Everyone wears clothes – probably even the most diehard nudists, sometimes – so whether you’re an avant-garde fashionista or a committed dag, you should know the ethical dimensions of the fabric we wear. Jess Noble is a veteran Otter writer with fashion-industry experience.
As an ethical consumer, how do you know for sure that your favourite “ethical” clothing brand is actually using sustainable fabrics? If you answered, “Because it says so on the website”, no dice. The requirements for a fabric or material to be considered sustainable are many. While there are ways to ensure you only buy sustainable materials – like GOTS certification – sometimes if transparency is poor, it comes down to the consumer asking the right questions.
Strap on your (unsustainable polyester) seatbelts for the Otter guide to sustainable fabrics.
Conscious consumers should ideally ask a tonne of questions before handing over their money. Whether we are asking the designer, the salesperson, Google or apps, it’s up to us to be armed with the right queries.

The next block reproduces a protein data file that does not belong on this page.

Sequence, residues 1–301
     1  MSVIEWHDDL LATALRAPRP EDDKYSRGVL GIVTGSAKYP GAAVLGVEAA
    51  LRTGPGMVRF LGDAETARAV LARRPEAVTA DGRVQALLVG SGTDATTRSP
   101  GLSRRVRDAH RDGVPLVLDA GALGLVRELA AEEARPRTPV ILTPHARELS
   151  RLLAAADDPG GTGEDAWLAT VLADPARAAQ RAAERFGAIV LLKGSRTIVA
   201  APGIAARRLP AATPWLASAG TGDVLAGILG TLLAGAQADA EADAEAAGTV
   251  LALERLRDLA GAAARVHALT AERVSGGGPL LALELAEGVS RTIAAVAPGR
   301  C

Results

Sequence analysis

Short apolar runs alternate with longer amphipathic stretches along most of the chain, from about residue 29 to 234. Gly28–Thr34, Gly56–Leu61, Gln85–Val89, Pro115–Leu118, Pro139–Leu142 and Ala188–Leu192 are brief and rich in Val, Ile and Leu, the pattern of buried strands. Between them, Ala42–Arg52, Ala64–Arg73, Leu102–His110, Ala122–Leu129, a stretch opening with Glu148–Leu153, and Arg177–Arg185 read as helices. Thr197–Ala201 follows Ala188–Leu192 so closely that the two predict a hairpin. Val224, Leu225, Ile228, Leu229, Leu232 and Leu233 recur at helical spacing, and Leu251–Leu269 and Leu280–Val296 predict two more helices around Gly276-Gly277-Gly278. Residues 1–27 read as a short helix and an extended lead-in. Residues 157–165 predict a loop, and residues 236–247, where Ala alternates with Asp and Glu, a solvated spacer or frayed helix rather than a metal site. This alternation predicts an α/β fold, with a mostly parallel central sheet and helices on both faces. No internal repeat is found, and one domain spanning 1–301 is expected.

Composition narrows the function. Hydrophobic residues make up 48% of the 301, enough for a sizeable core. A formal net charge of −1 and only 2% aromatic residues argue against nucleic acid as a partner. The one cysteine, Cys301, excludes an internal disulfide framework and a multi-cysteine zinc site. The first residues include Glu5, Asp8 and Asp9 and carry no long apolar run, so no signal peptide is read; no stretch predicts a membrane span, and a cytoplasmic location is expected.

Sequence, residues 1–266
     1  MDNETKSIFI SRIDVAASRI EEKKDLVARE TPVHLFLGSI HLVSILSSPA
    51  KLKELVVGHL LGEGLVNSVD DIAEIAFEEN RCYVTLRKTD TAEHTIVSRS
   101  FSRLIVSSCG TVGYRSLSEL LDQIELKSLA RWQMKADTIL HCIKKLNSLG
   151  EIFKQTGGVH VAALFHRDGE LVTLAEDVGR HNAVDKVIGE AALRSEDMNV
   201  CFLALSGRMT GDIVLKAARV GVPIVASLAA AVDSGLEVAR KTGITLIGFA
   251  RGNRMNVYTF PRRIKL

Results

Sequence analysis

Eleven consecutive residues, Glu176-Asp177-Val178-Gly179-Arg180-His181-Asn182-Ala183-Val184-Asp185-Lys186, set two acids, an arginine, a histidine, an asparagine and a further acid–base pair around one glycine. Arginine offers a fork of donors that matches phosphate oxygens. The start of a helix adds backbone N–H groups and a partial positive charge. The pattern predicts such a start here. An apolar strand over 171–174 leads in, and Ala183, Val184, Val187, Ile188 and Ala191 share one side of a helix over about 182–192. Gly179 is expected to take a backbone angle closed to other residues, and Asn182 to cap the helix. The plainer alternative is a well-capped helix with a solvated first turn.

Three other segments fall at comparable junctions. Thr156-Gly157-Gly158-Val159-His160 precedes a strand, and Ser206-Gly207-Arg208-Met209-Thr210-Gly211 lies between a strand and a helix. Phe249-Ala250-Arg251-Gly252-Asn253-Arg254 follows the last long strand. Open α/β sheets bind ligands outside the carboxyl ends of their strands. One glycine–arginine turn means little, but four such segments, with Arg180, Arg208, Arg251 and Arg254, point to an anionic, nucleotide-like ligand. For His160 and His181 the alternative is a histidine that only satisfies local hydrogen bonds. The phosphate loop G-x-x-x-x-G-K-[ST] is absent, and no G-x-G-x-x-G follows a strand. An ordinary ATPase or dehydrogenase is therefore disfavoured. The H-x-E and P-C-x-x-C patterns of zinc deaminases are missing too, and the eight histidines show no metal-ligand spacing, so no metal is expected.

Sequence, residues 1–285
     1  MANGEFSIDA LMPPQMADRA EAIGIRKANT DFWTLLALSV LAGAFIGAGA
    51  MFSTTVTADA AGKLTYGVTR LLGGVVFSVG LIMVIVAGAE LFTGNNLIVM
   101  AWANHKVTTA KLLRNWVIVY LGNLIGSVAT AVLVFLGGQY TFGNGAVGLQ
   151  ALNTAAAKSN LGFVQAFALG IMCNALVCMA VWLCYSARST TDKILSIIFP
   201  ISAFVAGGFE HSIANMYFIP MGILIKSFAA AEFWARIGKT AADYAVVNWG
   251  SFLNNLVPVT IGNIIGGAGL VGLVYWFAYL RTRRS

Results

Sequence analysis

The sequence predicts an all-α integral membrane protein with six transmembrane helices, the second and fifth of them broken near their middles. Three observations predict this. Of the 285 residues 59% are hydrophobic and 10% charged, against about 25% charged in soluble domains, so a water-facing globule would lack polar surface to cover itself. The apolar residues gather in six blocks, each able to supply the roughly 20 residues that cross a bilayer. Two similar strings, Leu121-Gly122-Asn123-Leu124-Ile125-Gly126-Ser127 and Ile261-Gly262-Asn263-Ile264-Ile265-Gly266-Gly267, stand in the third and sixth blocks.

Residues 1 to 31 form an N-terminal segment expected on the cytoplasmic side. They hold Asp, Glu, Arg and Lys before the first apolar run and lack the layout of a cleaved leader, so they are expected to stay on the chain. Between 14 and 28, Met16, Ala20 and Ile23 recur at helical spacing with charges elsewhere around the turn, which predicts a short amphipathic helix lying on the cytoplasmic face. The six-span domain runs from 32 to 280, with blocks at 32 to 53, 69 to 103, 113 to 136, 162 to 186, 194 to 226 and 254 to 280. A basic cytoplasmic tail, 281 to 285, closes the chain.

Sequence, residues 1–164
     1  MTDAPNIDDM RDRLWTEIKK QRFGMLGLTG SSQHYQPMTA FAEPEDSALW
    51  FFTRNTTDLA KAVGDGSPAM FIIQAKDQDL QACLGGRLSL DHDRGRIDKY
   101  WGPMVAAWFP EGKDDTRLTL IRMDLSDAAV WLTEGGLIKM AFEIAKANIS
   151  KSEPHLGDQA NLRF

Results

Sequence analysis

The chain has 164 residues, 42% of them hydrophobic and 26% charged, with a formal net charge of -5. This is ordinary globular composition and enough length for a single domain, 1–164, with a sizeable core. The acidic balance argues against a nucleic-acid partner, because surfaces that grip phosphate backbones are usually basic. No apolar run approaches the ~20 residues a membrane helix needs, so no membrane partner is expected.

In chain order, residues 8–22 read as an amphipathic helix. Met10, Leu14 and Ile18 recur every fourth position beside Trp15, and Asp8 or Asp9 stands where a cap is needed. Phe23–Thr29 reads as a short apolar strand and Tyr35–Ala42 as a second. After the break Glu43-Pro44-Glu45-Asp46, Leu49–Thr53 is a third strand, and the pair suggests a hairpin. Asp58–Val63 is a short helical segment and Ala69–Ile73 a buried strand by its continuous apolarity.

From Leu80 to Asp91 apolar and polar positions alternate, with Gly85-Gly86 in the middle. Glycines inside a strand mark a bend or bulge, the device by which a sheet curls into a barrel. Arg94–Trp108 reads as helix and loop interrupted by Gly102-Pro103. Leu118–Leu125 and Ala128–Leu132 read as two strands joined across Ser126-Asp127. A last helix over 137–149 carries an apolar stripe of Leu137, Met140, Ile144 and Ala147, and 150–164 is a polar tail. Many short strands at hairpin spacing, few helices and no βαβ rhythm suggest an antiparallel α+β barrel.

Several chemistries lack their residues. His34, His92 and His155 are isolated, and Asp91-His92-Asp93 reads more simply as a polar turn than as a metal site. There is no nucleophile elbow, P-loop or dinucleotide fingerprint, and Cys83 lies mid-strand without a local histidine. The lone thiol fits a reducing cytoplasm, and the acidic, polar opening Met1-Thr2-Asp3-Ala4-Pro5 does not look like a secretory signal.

Consider a white T-shirt. First, we want to know if it was ethically produced. Is it fair trade? Where was it made? We might want to know the fuel expended in shipping – its carbon miles (or kilometres, but that’s a bit of a mouthful). Were the workers in the fabric mills fairly paid? Will the T-shirt stand the test of time? Can it be recycled? These are all great questions – but the first and foremost question any consumer should be asking is, “What is it made from?” And checking the label just doesn’t cut it.
What is it made from?
This is the preliminary question because it opens up an underbelly of sub-questions delving deeper into the fashion cycle of that garment; before that cotton was made into your T-shirt, it was out in a cotton field, probably in India or China, a long way from your wardrobe, with a huge journey ahead of it.
What do we mean by “sustainable” fabric?
Navigating the intricate sustainable fashion rulebook can feel like a minefield, especially when the fashion industry is taking liberties with the term “sustainable”. It’s important to know what we mean when we say “sustainable”, and definitions of the word abound, but for the purposes of this article, to be sustainable, any design – from a shoe to a piece of cloth – must tick three major boxes: it must not impinge on workers’ rights or animal rights, or harm the environment.